Thesis - Open Access
Master of Science (MS)
Like all mushrooms, the morel mushroom is a fungus. Morels are the fruiting bodies produced by members of the genus, Morchella, Morels are often considered to be a class with truffles by mushroom hunters. Unlike other mushrooms, the morel is not toadstool shaped, but looks like a sponge on a stalk, this makes it easy to identify. There are no poisonous mushrooms that resemble morels. Morels are widely distributed. Morels are known to occur in North America, Europe, and Israel. They are found in a wide variety of topographies, from mountains to plains. They can be found on grasslands, orchards, and forests. The time of fruiting is almost always in the spring. Morels have also been found in the summer and fall, but this is rare. Fruiting of Morchella is unpredictable. Sporocarps may be found in large numbers one year and not reappear in the same area for many years. In spite of widespread popularity, Morchella has never been grown to the sporocarp stage in pure culture. Like other mushrooms, morels are sources of proteins and B-vitamins. The purpose of this study has been to gather information on the physiology of Morchella. The response to various nutritional factors was evaluated in terms of amount of growth, and morphogenetic responses. It was hoped that by varying different factors of the medium, it would be possible to find the factors leading to sporocarp formation.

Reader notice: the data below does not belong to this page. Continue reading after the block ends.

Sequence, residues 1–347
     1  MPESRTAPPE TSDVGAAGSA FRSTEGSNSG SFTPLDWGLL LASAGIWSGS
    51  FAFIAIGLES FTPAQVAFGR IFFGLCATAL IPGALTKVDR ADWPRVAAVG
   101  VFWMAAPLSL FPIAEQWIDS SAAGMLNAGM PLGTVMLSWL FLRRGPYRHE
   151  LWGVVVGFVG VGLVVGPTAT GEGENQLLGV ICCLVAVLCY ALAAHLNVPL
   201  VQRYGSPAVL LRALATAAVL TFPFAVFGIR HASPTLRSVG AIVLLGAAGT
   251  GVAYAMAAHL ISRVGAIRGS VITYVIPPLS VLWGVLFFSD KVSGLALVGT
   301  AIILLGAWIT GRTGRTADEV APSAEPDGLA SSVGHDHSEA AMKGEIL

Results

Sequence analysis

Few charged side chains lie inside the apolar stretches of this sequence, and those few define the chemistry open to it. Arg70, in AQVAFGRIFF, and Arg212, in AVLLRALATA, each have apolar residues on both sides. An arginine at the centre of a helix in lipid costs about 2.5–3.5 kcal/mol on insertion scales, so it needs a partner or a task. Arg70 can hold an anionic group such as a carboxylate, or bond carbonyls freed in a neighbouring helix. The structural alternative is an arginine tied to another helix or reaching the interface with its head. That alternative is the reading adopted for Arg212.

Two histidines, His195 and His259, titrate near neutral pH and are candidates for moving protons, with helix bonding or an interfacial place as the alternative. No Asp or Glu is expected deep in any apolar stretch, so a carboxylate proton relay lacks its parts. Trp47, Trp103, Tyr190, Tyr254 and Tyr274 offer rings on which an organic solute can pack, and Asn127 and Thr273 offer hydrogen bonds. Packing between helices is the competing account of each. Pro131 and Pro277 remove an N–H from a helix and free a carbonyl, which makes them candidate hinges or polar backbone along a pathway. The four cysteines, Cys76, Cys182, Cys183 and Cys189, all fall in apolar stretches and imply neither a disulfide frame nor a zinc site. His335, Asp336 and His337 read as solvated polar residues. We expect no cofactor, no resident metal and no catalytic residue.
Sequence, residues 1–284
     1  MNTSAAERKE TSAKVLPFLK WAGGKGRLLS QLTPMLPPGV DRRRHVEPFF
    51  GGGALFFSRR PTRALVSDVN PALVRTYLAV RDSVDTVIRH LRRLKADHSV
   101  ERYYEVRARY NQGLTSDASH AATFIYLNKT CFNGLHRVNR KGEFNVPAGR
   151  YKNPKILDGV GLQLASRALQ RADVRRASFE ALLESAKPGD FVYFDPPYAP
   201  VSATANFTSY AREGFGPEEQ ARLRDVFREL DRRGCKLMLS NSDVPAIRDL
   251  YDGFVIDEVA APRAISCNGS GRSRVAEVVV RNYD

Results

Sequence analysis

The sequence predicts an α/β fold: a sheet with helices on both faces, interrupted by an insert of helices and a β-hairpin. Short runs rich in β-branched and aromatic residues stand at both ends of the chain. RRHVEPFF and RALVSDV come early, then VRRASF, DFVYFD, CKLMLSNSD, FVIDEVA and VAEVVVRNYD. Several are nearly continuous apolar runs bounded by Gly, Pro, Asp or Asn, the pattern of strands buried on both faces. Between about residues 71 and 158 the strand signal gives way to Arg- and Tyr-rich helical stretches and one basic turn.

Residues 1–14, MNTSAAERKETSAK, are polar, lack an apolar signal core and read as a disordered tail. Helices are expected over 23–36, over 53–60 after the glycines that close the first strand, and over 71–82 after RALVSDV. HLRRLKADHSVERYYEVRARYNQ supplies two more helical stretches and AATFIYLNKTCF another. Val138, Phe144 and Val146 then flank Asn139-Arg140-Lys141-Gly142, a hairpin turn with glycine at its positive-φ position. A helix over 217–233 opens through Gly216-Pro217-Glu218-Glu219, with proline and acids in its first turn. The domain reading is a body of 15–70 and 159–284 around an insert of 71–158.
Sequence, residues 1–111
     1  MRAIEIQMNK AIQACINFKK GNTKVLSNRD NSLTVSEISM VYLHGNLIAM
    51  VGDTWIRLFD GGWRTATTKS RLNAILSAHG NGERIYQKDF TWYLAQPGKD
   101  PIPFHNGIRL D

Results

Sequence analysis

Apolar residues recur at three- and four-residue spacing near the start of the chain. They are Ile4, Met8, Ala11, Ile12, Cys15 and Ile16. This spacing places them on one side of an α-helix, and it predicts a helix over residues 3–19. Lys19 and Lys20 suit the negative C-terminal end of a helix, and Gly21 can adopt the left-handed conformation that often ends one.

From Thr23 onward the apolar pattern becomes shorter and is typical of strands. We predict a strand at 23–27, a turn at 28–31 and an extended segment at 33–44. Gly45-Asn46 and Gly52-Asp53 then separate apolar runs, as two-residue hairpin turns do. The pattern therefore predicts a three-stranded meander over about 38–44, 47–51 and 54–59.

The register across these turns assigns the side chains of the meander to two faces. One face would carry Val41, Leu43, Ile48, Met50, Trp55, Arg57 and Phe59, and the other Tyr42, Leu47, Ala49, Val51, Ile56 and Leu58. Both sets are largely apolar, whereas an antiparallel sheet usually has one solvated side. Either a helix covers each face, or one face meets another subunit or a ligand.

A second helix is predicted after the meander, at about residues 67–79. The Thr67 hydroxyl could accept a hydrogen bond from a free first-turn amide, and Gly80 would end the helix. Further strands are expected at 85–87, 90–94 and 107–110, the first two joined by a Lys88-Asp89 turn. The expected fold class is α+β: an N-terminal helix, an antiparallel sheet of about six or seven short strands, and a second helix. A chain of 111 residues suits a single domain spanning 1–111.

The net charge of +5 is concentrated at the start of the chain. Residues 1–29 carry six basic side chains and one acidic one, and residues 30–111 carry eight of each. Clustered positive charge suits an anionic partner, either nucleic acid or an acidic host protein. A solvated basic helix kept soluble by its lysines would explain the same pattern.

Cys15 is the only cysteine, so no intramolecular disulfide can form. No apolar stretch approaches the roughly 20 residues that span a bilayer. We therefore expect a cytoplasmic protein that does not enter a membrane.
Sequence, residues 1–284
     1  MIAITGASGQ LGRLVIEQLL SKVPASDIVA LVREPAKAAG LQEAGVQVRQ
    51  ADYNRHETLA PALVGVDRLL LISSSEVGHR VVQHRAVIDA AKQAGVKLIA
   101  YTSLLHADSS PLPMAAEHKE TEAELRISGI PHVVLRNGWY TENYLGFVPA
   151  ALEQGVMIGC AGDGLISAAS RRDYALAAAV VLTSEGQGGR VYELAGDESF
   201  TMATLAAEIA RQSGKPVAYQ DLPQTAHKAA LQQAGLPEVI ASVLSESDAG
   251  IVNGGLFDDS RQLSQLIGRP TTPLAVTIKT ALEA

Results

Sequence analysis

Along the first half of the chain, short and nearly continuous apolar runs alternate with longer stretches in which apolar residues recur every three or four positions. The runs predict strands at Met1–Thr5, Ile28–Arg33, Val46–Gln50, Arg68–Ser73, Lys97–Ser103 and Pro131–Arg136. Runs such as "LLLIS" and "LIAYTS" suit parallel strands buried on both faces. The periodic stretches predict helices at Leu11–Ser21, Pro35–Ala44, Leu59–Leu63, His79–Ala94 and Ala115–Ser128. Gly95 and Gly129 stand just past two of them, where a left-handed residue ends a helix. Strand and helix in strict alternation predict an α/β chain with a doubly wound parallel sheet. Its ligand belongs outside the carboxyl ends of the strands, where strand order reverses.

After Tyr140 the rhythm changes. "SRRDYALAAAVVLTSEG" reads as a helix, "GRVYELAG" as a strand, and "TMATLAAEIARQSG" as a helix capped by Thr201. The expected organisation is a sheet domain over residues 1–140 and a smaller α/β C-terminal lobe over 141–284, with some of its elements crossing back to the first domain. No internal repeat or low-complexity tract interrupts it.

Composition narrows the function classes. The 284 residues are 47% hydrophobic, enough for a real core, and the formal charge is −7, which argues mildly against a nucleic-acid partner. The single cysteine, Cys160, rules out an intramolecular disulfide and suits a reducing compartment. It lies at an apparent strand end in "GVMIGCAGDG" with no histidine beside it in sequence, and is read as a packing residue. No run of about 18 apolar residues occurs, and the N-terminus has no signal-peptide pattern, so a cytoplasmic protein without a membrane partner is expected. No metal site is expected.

Library of Congress Subject Headings
Plant tissue culture
Number of Pages
South Dakota State University
Wassom, James, "The Use of Plant Tissue Culture Techniques for Studying the Growth of Morel" (1977). Electronic Theses and Dissertations. 5116.